Category Archives: History

Maxine Waters

Impeachment is whatever Congress says it is.

Well, pretty much, yeah. This isn’t right, though:

“Bill Clinton got impeached because he lied,” Waters declared. “Here you have a president who I can tell you and guarantee you is in collusion with the Russians, to undermine our democracy. Here you have a president who has obstructed justice, and here you have a president that lies every day.”

…Unless Trump can be accused of “Treason, Bribery, or other high Crimes and Misdemeanors,” he cannot be impeached.

While Waters claimed Clinton was impeached for “lying,” he was actually impeached for perjury — lying under oath.

Actually, he was impeached for multiple counts of obstruction of justice, including not just perjury, but suborning perjury from others via bribes and physical threats to a woman’s family, for the purpose of preventing someone he’d sexually harassed from getting a fair trial.

Trump’s Art Of The Deal

Thoughts from Jonah Goldberg, with which I completely agree:

I am coming around to the position that the vast bulk of punditry in defense of Donald Trump is little different from hepatoscopy, chiromancy, tasseography, and other “sciences” that imbue essentially random phenomena with deep and prophetic significance (this is not to say that orbistry, the practice of explaining everything weird in this crazy world, is not 100 percent correct).

Let’s just look at the past week. On the campaign trail, Trump vowed to “immediately terminate” the DACA program if elected. In June, he flipped and said it would stay in place. Going into this week, the White House signaled that it would get rid of the program. On Tuesday, Trump’s attorney general came out and declared that the program was unconstitutional. And, in a move I praised, Trump said that he would give the task of dealing with the issue to Congress. But, after watching negative TV coverage and bristling at Barack Obama’s criticism, Trump flopped. In a tweet, Trump suggested he wants Congress to legalize the program, not get rid of it. And if Congress failed, he might have to “revisit” the issue, implying that Trump might use the same unconstitutional measures Obama used.

Now, in fairness to Trump, he’s always been torn on the issue, and rightly so. Deporting the “Dreamers” is a terrible idea. But the position of most immigration hawks has always been that we should trade some form of amnesty in exchange for serious border-security measures and/or implementation of E-verify or similar steps.

So, let’s consider instead the other big news this week. President Trump threw Paul Ryan, Mitch McConnell, and the House Freedom Caucus under the bus to cut a deal with “Chuck and Nancy” on a short-term extension of the debt ceiling. Wait, scratch that. He didn’t “cut a deal” with the Democrats, he simply took their first offer in exchange for . . . nothing. He took a “deal” to get Harvey relief passed despite the fact that Harvey relief would have passed anyway. This was not The Art of the Deal. It was — to borrow a phrase from Seth Mandel — The Art of the Kneel.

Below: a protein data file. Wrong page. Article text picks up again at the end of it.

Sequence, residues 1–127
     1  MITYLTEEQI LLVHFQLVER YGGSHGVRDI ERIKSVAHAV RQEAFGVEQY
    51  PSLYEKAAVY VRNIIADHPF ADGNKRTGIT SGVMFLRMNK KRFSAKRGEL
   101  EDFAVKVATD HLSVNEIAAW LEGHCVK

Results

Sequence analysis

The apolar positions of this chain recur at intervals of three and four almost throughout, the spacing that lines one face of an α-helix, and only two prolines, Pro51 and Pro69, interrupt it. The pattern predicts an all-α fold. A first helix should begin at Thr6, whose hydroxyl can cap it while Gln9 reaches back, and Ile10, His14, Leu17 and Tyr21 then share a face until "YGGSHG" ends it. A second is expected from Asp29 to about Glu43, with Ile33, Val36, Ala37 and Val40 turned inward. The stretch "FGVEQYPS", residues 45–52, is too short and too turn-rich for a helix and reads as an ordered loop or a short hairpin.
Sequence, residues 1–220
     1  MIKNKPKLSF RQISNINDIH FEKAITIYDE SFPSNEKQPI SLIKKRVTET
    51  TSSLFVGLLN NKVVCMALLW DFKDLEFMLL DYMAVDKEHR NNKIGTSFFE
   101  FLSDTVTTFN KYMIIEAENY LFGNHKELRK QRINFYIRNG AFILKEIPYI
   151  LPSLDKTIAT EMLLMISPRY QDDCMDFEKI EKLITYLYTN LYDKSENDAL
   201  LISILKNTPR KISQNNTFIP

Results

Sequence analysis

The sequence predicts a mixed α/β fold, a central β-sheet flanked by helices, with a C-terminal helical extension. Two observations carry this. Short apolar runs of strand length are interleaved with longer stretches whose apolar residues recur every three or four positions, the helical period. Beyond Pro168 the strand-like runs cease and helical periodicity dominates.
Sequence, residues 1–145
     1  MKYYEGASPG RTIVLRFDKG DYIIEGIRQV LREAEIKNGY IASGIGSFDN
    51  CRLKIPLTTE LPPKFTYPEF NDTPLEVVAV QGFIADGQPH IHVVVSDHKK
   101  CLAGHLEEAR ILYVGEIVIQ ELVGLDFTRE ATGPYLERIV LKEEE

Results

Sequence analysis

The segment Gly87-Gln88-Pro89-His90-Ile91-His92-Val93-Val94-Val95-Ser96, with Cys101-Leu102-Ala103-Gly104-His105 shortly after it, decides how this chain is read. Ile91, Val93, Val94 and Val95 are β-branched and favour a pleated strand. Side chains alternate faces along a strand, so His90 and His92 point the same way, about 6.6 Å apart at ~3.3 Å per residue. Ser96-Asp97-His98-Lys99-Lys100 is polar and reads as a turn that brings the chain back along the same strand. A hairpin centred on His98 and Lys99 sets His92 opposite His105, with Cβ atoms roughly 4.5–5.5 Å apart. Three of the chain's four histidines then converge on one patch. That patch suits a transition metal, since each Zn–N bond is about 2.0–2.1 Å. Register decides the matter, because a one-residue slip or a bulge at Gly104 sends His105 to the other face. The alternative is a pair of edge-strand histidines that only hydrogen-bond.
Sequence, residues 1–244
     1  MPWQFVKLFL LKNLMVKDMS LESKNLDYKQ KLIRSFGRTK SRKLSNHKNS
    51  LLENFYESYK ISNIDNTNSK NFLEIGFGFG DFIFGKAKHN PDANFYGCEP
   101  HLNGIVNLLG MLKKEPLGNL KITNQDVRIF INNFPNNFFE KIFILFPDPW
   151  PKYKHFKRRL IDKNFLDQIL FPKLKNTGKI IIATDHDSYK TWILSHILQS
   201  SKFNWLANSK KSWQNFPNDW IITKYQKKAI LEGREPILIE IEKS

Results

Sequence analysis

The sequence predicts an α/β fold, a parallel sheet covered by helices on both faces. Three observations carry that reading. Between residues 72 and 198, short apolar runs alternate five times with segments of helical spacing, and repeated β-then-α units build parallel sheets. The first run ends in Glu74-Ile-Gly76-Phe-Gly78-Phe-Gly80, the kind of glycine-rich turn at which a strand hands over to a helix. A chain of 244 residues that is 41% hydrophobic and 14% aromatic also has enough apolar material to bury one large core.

Trump kicked the can to December, when his leverage will be weaker, apparently in a glandular act of spite against McConnell and Ryan. John Boehner was hounded out of office by tea-party types for even considering cutting far better debt-ceiling deals with Barack Obama. In both of these cases, the response from legions of Trumpers was rapturous approval of his genius and/or his willingness to punish McConnell and Ryan.

It’s almost as though his vaunted ability to do deals is highly overrated.

Also, read on for a devastating critique of Rachel Maddow’s misleading history of the Wilson administration.

An Open Letter

to (racist) Ta-Nehisi Coates:

“The problem with the police,” you write, “is not that they are fascists pigs, but that our country is ruled by majoritarian pigs. And so to challenge the police is to challenge the American people who send them into the ghettos armed with the same self-generated fears that compelled people who think they are white to flee the cities and into the Dream.” There, you’ve said it. You’ve indicted the majority of the American people on serious charges—and many of them (not all) in their guilt and shame will grant you a moral pass. Some will feign outrage, but most, like aristocrats who reversed roles with the plebeians at the European Dionysian bacchanals, will assume a mask of contrition, look to some hoped-for redemptive moment in the higher registers of their innocent conscience, and move on. Your accusations have made for interesting dinner talk among the cognoscenti and literati in liberal bourgeois enclaves, where some believe moral masochism and symbolic self-flagellation are signs of virtue.